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Honored Contributor I
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Registers in I/O cells

Most Altera families have register(s) in the I/O cells. Obviously if I want full control of the plumbing I can instantiate the 'GPIO Lite' IP core and do everything explicitly, but I thought that for simple cases the tools would spot a signal coming in on a pin going straight to a register and use the register in the I/O rather than using up an LE. 

 

However, with my current design it isn't doing that - the fitter resource report says "I/O registers 0/863 (0%)", and looking at the Technology Map viewer I can see my signals coming in through an "IO_IBUF" and then getting latched in a LE. 

 

I'm currently working with MAX10 and Quartus Prime 17.0.2 Lite edition (design in VHDL), but I thought I'd seen this working in earlier projects (with Cyclone2/3 and much older versions of Quartus). 

 

Am I missing a setting somewhere, or does this feature not exist?
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Honored Contributor I
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If I remember correctly, there is no input register in the IO cell, but a direct connection from the IO cell to the LAB, which is almost as fast. On the output side there should be a 2 registers, because doing DDIO interfaces in the LAB is far too slow(the mux after the registers becomes a LUT to route through and it gets ugly)

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Honored Contributor I
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Hmm. 

 

According to the manual it certainly has registers ("Max 10 General Purpose I/O user guide", figure 2-1, and in fact I've just checked the old Cyclone III documentation and that has an almost identical diagram of the I/O structure there). 

 

That diagram shows a total of 3 registers - one for input, one for output, and one for OE. However, the description says:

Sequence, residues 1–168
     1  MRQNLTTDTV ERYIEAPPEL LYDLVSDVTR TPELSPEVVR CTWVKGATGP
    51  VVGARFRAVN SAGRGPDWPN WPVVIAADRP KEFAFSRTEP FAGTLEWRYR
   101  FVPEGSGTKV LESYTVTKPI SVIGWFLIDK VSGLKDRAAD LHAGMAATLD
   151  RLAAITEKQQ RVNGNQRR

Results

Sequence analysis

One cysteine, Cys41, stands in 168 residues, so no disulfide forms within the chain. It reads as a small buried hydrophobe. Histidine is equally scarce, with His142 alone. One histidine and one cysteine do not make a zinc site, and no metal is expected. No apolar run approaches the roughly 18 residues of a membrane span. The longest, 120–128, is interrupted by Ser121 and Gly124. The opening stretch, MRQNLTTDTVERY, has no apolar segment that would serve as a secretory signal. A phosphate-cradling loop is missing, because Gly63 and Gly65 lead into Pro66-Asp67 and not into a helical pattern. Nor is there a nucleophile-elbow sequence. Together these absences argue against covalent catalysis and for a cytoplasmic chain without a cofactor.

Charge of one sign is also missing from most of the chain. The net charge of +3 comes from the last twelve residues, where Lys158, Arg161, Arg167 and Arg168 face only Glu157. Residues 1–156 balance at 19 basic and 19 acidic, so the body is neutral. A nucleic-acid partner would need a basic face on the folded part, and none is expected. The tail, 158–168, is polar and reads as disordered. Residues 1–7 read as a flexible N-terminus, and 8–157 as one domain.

Each IOE contains one input register, two output registers and two output-enable (OE) registers. 

  • The two output registers and two OE registers are used for DDR applications 

  • You can use the input registers for fast setup times and output registers for fast clock-to-output times 

  • You can use the OE registers for fast clock-to-output enable times 

 

 

 

That total of 5 registers matches up with the resource summary from compiling my project - where I am using "0 out of 863 I/O registers" on a device with 178 I/O pins (5 registers per pin would be 890, but some of the pins are shared config pins and are input-only).
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Honored Contributor I
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It all depends on your timing constraints and if you are using the "Fast I/O register" assignments. Using the registers in the I/O is not always good (and not regularly done by the Fitter) because it's possible to fail hold timing on the I/O to the upstream or downstream device. If you want to force the use of the I/O registers, use a Fast Input or Fast Output register assignment in the Assignment Editor.

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Honored Contributor I